Why not start at the top?

Why do they do functional nursing? Well, because somebody told them to do it that way! Nursing school curriculum is dictated by the central government agency, CTEVT, and they pretty much give the faculty the actual lesson plan, there is not much room for flexibility. In their defense, it took a lot of coordinated work the develop this level of educational consistency across the country, and nobody should dismiss the efforts that have gone before.  And it would take years to lobby for a whole new area of content, in the curriculum. The first step is to convince the educational bureaucracy that there is a problem. I’ve been teaching critical care nursing since 1980, in USA. I think I am an expert.But realistically, if I wrote a letter to CTEVT, they would ignore me.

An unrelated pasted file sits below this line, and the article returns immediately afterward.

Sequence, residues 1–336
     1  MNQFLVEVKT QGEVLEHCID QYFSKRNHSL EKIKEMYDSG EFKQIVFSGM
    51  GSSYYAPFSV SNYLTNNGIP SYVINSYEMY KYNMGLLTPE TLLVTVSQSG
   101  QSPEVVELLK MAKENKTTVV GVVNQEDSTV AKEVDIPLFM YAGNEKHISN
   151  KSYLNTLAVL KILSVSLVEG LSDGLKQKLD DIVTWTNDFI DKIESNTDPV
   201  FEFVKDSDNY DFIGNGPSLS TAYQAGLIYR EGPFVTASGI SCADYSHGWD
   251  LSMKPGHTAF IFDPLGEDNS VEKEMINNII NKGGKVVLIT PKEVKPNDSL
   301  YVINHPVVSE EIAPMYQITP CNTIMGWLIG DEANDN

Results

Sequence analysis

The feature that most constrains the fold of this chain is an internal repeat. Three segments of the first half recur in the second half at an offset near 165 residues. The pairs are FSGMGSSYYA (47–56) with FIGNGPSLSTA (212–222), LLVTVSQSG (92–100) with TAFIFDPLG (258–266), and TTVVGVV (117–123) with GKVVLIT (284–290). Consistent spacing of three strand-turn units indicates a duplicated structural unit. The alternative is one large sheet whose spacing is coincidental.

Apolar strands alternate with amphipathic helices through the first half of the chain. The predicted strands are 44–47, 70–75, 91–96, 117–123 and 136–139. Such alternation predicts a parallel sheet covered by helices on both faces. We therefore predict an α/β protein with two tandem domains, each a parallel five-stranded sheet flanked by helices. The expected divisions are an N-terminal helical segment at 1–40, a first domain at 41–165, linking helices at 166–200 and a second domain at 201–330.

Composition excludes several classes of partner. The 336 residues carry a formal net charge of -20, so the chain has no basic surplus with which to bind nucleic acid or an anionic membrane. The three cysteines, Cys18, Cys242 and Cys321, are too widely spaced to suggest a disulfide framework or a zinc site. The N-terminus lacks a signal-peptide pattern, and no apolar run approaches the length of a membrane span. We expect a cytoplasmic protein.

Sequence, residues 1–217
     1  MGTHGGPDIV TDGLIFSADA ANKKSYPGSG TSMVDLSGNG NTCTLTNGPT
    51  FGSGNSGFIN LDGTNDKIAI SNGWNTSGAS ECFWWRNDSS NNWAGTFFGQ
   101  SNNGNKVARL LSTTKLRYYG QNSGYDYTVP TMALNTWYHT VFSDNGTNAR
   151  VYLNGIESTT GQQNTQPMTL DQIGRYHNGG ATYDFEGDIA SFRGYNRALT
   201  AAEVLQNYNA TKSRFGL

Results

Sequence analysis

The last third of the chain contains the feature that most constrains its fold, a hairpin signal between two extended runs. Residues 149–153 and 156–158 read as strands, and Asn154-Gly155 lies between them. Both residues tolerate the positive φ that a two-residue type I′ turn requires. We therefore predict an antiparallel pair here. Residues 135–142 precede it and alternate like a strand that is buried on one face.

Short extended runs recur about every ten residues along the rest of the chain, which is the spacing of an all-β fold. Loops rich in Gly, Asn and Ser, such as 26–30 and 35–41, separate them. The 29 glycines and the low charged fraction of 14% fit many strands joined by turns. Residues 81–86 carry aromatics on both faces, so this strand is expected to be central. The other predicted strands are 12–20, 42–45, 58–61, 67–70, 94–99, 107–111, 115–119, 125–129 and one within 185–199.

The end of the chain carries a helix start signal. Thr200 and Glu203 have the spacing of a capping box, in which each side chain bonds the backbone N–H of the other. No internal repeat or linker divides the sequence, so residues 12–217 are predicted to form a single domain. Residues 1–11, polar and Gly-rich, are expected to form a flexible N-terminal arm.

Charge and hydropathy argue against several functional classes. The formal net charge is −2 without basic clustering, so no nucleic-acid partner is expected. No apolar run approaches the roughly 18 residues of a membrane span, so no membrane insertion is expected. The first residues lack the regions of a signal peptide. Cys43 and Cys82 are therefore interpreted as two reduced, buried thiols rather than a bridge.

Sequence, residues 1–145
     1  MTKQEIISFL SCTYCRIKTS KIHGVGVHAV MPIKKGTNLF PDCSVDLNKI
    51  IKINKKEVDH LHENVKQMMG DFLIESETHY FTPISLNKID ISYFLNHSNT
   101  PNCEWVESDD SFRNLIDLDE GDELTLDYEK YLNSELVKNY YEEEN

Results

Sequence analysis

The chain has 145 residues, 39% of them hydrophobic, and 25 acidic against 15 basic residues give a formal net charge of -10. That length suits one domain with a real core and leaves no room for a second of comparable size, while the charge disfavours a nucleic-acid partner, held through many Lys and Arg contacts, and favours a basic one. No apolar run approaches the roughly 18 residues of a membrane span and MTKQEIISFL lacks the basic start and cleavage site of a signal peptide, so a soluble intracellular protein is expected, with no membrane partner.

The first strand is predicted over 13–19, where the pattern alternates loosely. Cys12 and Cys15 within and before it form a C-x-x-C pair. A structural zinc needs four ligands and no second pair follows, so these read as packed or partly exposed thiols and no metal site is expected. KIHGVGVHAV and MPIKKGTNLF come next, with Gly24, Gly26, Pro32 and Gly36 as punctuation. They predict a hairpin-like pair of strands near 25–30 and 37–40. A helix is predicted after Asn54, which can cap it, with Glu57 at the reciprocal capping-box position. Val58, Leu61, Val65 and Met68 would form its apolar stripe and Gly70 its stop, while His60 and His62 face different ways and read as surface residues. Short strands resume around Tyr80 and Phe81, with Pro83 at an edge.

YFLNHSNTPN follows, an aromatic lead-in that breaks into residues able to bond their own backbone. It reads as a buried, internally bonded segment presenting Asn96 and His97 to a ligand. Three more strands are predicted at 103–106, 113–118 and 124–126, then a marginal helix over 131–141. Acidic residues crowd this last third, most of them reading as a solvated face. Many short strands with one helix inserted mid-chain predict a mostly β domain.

I could hear them saying “One more Videshi, telling us what to do. He doesn’t know how hard we worked to get to this point.”

yeah, If I were them, I’d be irritated too!

Just do it (the Nike slogan)

On the other hand, if hundreds of Nepali nurses and doctors all of a sudden started talking about a better way to do things, they would eventually become impossible to ignore. And so, in 2011 I decided I would address this by just teaching the material to nurses, one batch at a time, to lay the groundwork for a groundswell of public opinion.  Sort of like Malcolm Gladwell’s Tipping Point. I don’t want to get all intellectual on you, but  on Mr. Gladwell’s web page he says:

The tipping point is that magic moment when an idea, trend, or social behavior crosses a threshold, tips, and spreads like wildfire.